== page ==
Currently exhibited at the Rockbund Art Museum, Ms. Jocson’s works explore the malleability of the human body.

The karaoke video titled Super Woman KTV (2019) features a combination of performances inspired by folk rituals, oral traditions, and contemporary pop songs. Ms. Jocson studies the cultural meanings found in popular songs in the Filipino culture and finds that it represents “collective notions of femininity for different generations in the Philippines.” The ongoing project aims to create a contemporary adaptation influenced from precolonial rituals.

Corponomy (2019) is an intertextual installation of dance sequences, karaoke videos, and live performances by her own troupe. Ms. Jocson put together a wide repertoire of genres centering on overseas Filipino workers in the entertainment and service industries. It features pole dancing, macho dancing, female hostesses, and Disney princesses. The word “corponomy” was used “to describe the body as it adapts to different economic situations, as well as the dynamic relationship between marginalized communities and mass culture.”

“I see the body as malleable material sculpted by its history, conditions and location. Filipinos are known to service the world in various roles, from domestic worker, entertainer, nurse, seaman, musician, teacher etc. Labor force that uses affective labor (care) as the primary skill,” Ms. Jocson wrote. “I want the wider audience to encounter the complexities of the Filipino condition and how much care work is undervalued and exploited by the capitalist system.”

“[Eisa] Jocson’s performances evolved into a stage in the main area with a backstage to show different aspects of her performance and ways for the audience to situate themselves with her work from past to present,” Senior Curator of Rockbund Art Museum Billy Tang told BusinessWorld in an e-mail.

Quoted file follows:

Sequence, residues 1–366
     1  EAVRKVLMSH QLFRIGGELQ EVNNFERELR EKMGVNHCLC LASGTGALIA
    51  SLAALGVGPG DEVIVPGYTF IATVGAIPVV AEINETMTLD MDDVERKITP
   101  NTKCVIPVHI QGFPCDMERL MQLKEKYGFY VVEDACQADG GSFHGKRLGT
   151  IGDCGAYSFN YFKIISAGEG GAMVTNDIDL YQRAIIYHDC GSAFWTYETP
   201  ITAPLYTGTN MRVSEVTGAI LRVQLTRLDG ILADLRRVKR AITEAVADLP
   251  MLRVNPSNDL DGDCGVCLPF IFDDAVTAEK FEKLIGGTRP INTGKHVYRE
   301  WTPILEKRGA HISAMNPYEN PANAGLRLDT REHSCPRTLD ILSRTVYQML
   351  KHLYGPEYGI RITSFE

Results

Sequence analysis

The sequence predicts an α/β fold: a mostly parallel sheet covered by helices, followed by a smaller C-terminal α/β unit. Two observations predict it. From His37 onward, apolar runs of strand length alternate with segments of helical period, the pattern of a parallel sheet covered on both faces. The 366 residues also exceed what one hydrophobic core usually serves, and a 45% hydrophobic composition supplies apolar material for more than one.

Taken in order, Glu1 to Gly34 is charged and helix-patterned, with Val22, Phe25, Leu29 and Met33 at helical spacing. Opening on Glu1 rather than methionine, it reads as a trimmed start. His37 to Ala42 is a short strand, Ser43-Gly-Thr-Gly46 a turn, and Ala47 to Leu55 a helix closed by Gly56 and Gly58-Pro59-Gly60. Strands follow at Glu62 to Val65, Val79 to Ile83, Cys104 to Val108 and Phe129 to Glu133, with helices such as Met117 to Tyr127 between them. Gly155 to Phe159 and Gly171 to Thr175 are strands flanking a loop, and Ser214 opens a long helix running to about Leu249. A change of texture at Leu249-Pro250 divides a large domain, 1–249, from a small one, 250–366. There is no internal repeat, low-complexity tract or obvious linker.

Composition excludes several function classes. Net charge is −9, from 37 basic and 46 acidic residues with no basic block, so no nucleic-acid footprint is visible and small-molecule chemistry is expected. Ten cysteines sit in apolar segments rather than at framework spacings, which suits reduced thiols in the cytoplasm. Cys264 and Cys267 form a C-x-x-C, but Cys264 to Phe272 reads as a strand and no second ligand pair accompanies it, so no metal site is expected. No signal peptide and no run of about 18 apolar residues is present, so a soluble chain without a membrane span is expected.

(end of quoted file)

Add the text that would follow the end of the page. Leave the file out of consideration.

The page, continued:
In the exhibit, Mr. Tang noted that all the artists are engaged with various techniques on moving-image.

“[For me], the most interesting way to read this is to try to understand how each artist uses moving-image as a medium to think and explore — and how many of the artists use moving-image as a device to play off and create new forms of dramaturgy within the context of the viewer and their relationship to the space,” he explained.

Ms. Jocson has recently started working on Manila Zoo — the third part of her Happyland Series — set to open in Frankfurt in April 2021. The exhibition “proposes humans performing the labor of animals in the zoo.”

“I’m interested in further pushing the malleability of the laboring-performing body and to go deep into human-animal relations,” she wrote.

The Hugo Boss Asia Art Award is open to artists under the age 35 who are working primarily in or born in Greater China (Mainland China, Hong Kong, Macau, Taiwan) and/or Southeast Asia, as well as have produced an outstanding project or solo exhibition of critical significance.

The exhibition of the four finalists’ works runs until Jan. 5 at the Rockbund Art Museum in Shanghai, China. Guests may try the augmented reality guided tour with the curator on mobile devices. For information, visit Anne P. Soliman